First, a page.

“Loner” Galaxy is Actually in the ‘Hood

Article written: 20 Nov , 2008
Updated: 24 Dec , 2015
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Astronomers have long wondered why a small, nearby, isolated galaxy is pumping out new stars faster than any galaxy in our local neighborhood. Usually, galaxies need some sort of gravitational interaction with other galaxies to trigger star formation, and galaxy NGC 1569 appeared to be a loner, far away from other galaxies, but churning out new stars like crazy. Now, a new look at the galaxy with the Hubble Space Telescope shows the galaxy is farther away than originally thought, which places NCG 1569 in the middle of a group of about 10 galaxies. Gravitational interactions among the group’s galaxies may be compressing gas in NGC 1569 and igniting the star-birthing frenzy.

“Now the starburst activity seen in NGC 1569 makes sense, because the galaxy is probably interacting with other galaxies in the group,” said the study’s leader, Alessandra Aloisi of the Space Telescope Science Institute in Baltimore, Md., and the European Space Agency. “Those interactions are probably fueling the star birth.”

The farther distance not only means that the galaxy is intrinsically brighter, but also that it is producing stars two times faster than first thought. The galaxy is forming stars at a rate more than 100 times higher than the rate in the Milky Way. This high star-formation rate has been almost continuous for the past 100 million years.

Discovered by William Herschel in 1788, NGC 1569 is home to three of the most massive star clusters ever discovered in the local universe. Each cluster contains more than a million stars.

“This is a prime example of the type of massive starbursts that drive the evolution of galaxies in the distant and young universe,” said team member Roeland van der Marel of the Space Telescope Science Institute. “Starburst galaxies can only be studied in detail in the nearby universe, where they are much rarer. Hubble observations of our galactic neighborhood, including this study, are helping astronomers put together a complete picture of the galaxies in our local universe. Put the puzzle pieces in the right place, as for NGC 1569, and the picture makes much more sense.”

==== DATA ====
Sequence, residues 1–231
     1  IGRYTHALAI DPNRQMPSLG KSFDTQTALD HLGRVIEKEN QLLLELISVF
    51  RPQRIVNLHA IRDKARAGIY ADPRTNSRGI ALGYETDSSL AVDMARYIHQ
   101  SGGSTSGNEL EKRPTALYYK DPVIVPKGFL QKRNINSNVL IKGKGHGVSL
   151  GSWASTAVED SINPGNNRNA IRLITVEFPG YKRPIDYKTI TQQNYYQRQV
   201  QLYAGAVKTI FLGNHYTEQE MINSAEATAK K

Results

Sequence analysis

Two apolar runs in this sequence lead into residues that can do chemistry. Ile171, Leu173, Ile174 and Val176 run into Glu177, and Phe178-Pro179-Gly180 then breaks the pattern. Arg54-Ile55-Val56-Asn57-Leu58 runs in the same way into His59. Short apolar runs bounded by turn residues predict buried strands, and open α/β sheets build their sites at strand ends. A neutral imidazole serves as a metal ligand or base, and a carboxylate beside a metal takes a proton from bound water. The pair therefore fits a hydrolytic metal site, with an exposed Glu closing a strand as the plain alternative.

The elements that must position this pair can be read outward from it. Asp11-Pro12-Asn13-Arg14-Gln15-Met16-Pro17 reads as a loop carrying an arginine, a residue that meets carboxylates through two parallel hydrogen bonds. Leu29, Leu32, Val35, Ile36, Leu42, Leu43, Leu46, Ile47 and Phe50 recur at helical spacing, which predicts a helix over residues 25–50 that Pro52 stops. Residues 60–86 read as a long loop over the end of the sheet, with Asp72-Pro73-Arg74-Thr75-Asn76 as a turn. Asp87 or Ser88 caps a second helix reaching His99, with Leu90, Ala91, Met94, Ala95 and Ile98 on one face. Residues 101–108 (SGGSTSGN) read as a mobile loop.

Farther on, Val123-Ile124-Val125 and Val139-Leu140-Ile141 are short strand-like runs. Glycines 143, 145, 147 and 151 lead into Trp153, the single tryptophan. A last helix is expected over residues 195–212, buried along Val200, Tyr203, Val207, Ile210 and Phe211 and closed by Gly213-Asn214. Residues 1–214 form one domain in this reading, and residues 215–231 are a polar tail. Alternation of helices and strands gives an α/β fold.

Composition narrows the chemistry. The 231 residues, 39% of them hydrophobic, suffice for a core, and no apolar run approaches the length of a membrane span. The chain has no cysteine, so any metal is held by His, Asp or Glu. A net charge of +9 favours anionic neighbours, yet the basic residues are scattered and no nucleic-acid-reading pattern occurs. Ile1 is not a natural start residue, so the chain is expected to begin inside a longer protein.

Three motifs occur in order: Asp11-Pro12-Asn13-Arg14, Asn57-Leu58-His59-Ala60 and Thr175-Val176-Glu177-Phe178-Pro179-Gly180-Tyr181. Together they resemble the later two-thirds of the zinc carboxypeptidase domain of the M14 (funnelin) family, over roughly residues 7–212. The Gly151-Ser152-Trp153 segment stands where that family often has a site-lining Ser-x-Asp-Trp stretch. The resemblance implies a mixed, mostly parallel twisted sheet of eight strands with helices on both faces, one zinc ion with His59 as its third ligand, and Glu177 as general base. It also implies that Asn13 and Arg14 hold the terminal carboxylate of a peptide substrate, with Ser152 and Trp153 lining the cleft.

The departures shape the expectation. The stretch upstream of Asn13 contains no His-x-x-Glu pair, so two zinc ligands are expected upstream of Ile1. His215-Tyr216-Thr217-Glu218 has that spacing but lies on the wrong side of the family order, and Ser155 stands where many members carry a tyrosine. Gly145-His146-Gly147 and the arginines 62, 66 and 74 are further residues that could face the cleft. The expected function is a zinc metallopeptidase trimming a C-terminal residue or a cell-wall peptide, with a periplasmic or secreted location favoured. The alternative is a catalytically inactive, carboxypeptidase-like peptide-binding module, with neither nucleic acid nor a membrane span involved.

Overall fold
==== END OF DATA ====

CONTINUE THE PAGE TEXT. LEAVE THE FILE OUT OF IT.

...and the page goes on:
And besides all that, it’s just a pretty picture, too!

Source: HubbleSite


6 Responses

  1. Ignoramus says

    Is this another example of a “tip of the red giant branch” distance determination showing up “redshift” as unreliable?

  2. Dan says

    How about no or small black hole as reason for lots of star formation (a few days ago it was said black holes slow star formation)

  3. ruf says

    Ignoramus Says:

    Is this another example of a “tip of the red giant branch” distance determination showing up “redshift” as unreliable?

    I thought the same thing. I would like to know the magnitude of the error in distance. How much further away is the galaxy than we originally thought it was?

  4. Jon Hanford says

    ” A New Hubble Space Telescope Distance to NGC 1569:Starburst Properties and IC 342 Group Membership” by Grocholski, AJ et al. was submitted to Astrophysical Journal Letters(ApJL) in July, 2008. This short paper discusses the findings mentioned in the above article and should be available to interested readers through a Google search. A highly recommended, short, simple explanation of these new HST-ACS observations of this remarkable starburst system. The HST images are icing on the cake! @ ruf & Ignoramus, the paper mentioned gives a detailed explanation of what technique(s) were employed in determining NGC 1569s’ distance & probable membership in the IC 342 group.

  5. Ignoramus says

    Any arXiv reference for that paper?

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